Prior to its official release, I was given an advance copy of the encyclical so that I could prepare for the anticipated media attention. Interviews for radio, television, and newspapers punctuated the next several days, to be followed by talks at conferences, for school boards and NGOs, and in many parishes, both in Canada and Korea. This unprecedented interest was echoed in the encyclical’s enthusiastic reception at the 21st Conference of the Parties (COP21) of the United Nations Framework Convention on Climate Change at Paris in 2015, resulting in the Paris Climate Agreement. The encyclical inspired the formation of hundreds of new Catholic organizations to advance its goals, including the Global Catholic Climate Movement (a global network of 900 Catholic organizations) and the Catholic Climate Covenant as well as numerous initiatives of religious orders and the expansion of the work of Catholic NGOs to address an increased concern for our common home. It also spurred the interfaith project Living the Change, and the formation of the Vatican Dicastery for Promoting Integral Human Development. The encyclical continues to be favourably referenced in academic circles among diverse disciplines, including theology, ecology, economics, justice, social studies, healthcare, and more.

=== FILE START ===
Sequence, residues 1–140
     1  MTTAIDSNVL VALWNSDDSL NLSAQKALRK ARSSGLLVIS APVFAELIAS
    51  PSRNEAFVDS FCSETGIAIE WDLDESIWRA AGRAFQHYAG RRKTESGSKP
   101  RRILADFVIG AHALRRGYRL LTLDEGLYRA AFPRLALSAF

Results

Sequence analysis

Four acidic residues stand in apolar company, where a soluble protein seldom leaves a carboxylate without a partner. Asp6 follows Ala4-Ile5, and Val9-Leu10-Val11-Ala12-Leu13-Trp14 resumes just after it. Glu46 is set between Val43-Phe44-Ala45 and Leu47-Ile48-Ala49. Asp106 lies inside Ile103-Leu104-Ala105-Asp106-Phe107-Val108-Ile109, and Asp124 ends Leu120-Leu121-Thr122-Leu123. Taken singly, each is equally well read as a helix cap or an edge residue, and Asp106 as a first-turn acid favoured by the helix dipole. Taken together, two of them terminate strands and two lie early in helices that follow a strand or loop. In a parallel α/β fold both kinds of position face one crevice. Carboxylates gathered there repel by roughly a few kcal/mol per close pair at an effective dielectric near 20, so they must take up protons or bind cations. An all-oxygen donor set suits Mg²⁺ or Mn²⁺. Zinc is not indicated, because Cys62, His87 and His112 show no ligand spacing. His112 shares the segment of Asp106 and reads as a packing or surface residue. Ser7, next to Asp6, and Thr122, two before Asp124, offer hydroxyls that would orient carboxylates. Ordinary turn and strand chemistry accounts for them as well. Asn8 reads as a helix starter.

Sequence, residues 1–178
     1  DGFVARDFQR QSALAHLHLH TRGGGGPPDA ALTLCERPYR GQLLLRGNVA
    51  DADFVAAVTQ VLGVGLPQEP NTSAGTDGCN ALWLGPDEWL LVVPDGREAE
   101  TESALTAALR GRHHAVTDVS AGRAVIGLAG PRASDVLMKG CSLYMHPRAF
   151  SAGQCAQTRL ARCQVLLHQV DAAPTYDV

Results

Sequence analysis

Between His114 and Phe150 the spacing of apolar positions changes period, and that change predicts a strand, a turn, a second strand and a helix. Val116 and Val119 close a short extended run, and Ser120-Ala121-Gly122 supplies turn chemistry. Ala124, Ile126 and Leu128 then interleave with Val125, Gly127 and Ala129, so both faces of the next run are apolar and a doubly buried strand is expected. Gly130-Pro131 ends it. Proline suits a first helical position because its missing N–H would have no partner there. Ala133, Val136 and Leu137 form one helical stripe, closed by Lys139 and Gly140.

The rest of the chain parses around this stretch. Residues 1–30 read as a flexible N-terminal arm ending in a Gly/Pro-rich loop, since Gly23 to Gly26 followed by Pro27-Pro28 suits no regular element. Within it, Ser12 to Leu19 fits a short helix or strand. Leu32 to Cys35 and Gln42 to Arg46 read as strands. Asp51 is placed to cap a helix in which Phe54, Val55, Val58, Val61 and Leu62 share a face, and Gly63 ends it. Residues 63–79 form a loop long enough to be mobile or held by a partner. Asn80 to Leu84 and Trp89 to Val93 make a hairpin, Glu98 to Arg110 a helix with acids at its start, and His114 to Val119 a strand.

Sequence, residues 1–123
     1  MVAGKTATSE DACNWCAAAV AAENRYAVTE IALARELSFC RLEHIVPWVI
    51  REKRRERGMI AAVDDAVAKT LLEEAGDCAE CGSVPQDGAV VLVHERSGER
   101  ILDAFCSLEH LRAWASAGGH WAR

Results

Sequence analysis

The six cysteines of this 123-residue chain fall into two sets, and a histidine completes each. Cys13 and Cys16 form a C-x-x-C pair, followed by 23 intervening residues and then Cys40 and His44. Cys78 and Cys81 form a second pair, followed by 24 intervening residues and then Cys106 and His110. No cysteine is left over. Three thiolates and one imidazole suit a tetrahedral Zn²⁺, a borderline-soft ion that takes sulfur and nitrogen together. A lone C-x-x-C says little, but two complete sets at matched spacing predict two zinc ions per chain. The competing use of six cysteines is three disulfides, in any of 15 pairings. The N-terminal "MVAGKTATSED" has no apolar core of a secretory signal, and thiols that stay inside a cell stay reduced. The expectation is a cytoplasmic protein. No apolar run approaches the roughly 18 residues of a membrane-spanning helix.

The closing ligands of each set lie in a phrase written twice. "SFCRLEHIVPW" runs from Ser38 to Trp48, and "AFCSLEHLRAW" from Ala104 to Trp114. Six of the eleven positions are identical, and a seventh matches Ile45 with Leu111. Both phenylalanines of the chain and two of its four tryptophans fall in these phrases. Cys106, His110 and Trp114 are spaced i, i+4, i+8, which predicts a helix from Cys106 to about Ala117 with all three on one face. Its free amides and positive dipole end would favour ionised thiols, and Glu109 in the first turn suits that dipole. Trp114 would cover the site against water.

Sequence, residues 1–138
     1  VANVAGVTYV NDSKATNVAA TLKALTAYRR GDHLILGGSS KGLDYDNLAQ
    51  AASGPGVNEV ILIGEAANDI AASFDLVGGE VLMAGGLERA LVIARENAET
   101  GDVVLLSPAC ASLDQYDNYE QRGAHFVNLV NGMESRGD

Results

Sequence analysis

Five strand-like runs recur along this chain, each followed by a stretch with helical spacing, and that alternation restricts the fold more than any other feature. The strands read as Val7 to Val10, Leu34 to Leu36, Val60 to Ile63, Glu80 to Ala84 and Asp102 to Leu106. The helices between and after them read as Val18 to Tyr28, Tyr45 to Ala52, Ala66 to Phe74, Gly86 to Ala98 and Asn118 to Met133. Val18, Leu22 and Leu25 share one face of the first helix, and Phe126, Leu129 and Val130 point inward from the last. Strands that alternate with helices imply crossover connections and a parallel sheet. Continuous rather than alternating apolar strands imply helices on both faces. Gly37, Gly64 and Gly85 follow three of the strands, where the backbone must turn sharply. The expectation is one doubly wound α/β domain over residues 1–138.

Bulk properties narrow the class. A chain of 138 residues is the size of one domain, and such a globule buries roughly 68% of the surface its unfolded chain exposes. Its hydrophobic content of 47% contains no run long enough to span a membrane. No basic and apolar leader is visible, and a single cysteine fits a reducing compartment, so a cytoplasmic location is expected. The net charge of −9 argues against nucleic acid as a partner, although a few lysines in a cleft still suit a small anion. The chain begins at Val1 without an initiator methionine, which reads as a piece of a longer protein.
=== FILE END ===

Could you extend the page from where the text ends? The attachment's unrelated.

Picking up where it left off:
With the advantage of five years since its release, a retrospective assessment of Laudato si’ gives a fuller appreciation of its accomplishments. For decades, ecotheologians had acknowledged the Christian teaching that there are two books of sacred revelation—viz., scripture and creation—bringing a renewed focus to exploring the theological and ethical implications of a more sympathetic and scholarly reading of the latter. They had been pioneering a deeper understanding of humanity’s role within the epic of evolution and advocating for a more integrated understanding of the myriad of justice issues related to the ecological crisis. Pope Francis’ first encyclical validated their decades of innovative work.